# Version 6.5.1 seems to have been released

Which comes with a new not equals block (found behind relabel on the equals block)

which saves having to nest the equals block inside a not block

Also - a lot of the List Utilities libary blocks have been speeded up

... and the manual is now up to date with 6.5.0, although it doesn't yet have ≠.

I think Jens is labelling it as an experimental feature

I guess, but are ≤ and ≥ experimental too? Is the whole relabel-hiding idea experimental? I suppose it could be, but it's still in the manual.

well, the feature itself isn't experimental, but the relabel kludge certainly is :-/

Yay new

Yay!

Thank you, Jens, for adding all these.

And thank you, Simon, for announcing it.

And thank you, Brian, for updating your manual.

Multimap - can you tell me what does that block do?

Nope - never managed to work it out

Let's ask Brian, or, if Jens is willing to spend the time away from actually developing Snap!, to explain it.

I think its Brian's baby

Just tried it out again and I can't rationalise why it gives [1,1,1] with these two lists

The function you used takes only one input. (There is only one empty input slot in it.) Because you gave MULTIMAP two list inputs, it calls the ringed function with two inputs. When the number of actual inputs doesn't match the number of input slots, no substitution is done. The empty input slot is treated as zero by +, so the expression 1+0 is evaluated three times (one for each number in the first list).

MULTIMAP goes through its list inputs in parallel, so it gives the ringed function the inputs 1 and 11, then 2 and 12, then 3 and 13. So if you'd left both input slots in the + block empty, you'd have gotten

Got it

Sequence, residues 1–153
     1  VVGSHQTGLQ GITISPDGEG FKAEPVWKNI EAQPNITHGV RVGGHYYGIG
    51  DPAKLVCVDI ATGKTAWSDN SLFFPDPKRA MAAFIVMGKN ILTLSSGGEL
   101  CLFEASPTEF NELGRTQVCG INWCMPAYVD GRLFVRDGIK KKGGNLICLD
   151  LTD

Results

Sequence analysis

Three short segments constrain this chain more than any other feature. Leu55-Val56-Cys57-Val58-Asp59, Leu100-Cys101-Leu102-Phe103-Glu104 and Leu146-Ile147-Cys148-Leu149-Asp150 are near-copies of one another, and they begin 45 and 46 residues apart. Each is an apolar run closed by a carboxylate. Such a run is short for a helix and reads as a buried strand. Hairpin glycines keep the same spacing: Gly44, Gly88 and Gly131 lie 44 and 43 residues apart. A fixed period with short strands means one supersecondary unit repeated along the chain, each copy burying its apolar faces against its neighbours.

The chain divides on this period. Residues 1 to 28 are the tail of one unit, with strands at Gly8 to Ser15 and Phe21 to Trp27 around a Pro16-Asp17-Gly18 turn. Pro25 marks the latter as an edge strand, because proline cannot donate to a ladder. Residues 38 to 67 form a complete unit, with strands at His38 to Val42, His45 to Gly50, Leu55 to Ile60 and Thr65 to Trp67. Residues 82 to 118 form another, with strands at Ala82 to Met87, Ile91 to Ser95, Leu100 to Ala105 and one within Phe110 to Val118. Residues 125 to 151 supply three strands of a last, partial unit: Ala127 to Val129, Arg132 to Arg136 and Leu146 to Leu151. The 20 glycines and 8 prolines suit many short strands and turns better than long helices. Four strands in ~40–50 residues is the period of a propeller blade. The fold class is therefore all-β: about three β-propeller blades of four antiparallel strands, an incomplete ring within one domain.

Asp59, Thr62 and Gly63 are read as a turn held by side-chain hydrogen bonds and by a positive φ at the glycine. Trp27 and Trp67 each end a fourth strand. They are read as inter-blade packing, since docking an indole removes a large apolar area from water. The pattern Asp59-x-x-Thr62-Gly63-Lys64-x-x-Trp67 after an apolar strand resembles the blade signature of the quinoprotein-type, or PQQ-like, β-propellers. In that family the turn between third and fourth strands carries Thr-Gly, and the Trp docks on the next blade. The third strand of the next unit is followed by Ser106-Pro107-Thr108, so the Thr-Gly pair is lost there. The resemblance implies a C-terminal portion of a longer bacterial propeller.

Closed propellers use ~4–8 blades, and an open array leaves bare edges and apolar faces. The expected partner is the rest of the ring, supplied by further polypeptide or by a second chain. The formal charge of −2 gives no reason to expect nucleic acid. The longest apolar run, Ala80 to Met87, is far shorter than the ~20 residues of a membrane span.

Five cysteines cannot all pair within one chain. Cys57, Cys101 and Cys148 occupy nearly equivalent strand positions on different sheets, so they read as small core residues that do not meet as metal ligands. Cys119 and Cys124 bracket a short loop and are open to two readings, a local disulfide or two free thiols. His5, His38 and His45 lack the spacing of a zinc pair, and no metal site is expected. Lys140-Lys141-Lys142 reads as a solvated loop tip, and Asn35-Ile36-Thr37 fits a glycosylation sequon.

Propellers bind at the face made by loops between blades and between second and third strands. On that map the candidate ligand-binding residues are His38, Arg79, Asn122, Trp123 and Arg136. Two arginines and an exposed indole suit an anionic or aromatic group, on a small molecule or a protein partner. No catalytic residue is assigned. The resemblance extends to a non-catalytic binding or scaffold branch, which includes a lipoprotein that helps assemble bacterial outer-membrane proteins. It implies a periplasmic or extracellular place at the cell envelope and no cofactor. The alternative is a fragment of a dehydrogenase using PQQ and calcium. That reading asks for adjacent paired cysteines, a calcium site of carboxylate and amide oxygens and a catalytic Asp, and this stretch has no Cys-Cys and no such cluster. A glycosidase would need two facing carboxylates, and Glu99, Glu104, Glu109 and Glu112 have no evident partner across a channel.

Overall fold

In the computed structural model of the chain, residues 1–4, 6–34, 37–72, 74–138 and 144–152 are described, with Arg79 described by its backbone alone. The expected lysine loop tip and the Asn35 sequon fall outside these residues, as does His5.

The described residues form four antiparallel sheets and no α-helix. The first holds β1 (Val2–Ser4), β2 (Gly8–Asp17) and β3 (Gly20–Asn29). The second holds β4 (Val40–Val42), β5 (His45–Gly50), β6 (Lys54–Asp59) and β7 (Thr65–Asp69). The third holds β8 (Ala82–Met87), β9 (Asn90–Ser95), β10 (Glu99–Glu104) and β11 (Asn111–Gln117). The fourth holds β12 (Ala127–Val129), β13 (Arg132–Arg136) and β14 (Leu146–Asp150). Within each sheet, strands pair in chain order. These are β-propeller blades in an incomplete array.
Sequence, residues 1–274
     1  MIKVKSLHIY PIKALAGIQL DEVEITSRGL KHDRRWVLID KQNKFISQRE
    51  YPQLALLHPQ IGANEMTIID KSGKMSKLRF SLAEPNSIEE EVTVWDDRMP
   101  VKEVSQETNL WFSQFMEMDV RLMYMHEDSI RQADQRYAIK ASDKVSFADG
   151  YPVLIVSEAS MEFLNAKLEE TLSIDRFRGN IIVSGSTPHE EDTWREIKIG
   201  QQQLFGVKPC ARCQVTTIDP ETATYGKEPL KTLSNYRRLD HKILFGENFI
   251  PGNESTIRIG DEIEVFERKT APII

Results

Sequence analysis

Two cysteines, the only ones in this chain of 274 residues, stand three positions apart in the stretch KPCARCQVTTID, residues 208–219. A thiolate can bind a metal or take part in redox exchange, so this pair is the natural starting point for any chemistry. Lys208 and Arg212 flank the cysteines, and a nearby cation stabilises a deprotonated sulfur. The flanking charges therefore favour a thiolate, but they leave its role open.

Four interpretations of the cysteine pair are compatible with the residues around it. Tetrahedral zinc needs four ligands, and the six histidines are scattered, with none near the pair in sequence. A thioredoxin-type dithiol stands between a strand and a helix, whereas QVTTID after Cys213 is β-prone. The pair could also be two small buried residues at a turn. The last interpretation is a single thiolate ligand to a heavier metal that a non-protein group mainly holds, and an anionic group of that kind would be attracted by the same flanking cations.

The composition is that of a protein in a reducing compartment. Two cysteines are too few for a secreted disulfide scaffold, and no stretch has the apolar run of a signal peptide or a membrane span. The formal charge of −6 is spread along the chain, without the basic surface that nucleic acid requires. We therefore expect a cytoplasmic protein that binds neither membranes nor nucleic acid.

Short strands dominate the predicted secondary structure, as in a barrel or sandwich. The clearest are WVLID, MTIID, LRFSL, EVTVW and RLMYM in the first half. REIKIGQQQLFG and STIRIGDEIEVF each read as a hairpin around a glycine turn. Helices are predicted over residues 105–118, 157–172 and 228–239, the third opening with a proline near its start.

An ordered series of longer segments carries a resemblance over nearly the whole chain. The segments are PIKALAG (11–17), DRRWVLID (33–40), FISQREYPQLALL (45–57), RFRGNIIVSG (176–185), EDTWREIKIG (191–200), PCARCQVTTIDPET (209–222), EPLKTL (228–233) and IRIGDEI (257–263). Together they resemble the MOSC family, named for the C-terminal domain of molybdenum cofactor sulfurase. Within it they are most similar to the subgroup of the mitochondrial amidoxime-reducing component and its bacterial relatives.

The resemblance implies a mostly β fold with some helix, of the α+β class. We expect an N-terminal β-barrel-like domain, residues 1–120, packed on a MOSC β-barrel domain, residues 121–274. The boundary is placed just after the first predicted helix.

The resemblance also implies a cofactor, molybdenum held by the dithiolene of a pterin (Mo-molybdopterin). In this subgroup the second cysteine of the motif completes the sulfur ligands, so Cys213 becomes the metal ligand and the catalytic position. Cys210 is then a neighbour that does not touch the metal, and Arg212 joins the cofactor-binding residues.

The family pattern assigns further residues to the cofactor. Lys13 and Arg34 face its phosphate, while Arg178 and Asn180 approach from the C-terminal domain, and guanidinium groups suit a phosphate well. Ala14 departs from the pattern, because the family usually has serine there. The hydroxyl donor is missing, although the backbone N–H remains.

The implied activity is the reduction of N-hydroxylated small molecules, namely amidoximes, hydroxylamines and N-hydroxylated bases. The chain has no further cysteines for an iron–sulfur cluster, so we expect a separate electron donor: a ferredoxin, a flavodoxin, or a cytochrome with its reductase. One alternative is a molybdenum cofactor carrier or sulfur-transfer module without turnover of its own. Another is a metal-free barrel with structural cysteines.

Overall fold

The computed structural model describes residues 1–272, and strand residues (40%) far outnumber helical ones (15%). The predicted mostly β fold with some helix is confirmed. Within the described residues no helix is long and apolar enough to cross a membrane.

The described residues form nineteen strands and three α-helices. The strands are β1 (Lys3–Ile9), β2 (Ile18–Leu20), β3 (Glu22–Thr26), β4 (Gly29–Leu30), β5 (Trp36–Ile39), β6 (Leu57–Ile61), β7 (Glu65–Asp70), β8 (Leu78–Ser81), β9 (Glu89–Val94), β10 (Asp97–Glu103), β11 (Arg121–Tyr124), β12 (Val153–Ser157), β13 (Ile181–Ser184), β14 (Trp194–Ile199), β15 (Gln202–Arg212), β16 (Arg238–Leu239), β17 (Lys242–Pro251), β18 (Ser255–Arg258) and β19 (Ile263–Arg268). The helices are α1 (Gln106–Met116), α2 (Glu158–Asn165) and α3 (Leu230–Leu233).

Have you got a real world example of when this reporter would be useful?

Would you count taking a row of Pascal's triangle and adding it to the same row shifted over one position?

Technically it is but I think we both know what I meant

But spookily, I've already got a use for it in my 4D Conway's Game Of Life Advent of Code current puzzle

I can use it to see if the top or bottom rows of a 2D matrix within it have a # in it or not

I can then use this info to decide whether I need to expand my matrix or not in the Y direction for the next iteration

If you have 2 input lists, let's say [1 2 3 4 5] and [5 4 3 2 1] for this example, and put them in with a join block, it will first call the function with all the first items (in this case, 1 and 5) which would result in the string 15. Next, it calls the function with all the second items (2 and 4), which results in 24. The process is repeated for all the items until you get a result:

This can also be used to 'zip' lists, if you use the list reporter:

That's funny, because multimap is implemented using a ZIP block in the library. :~)

No, actually, I don't.

Slightly off-topic, but I'd love to browse through a collection of all your AoC solutions. You're following through very religiously!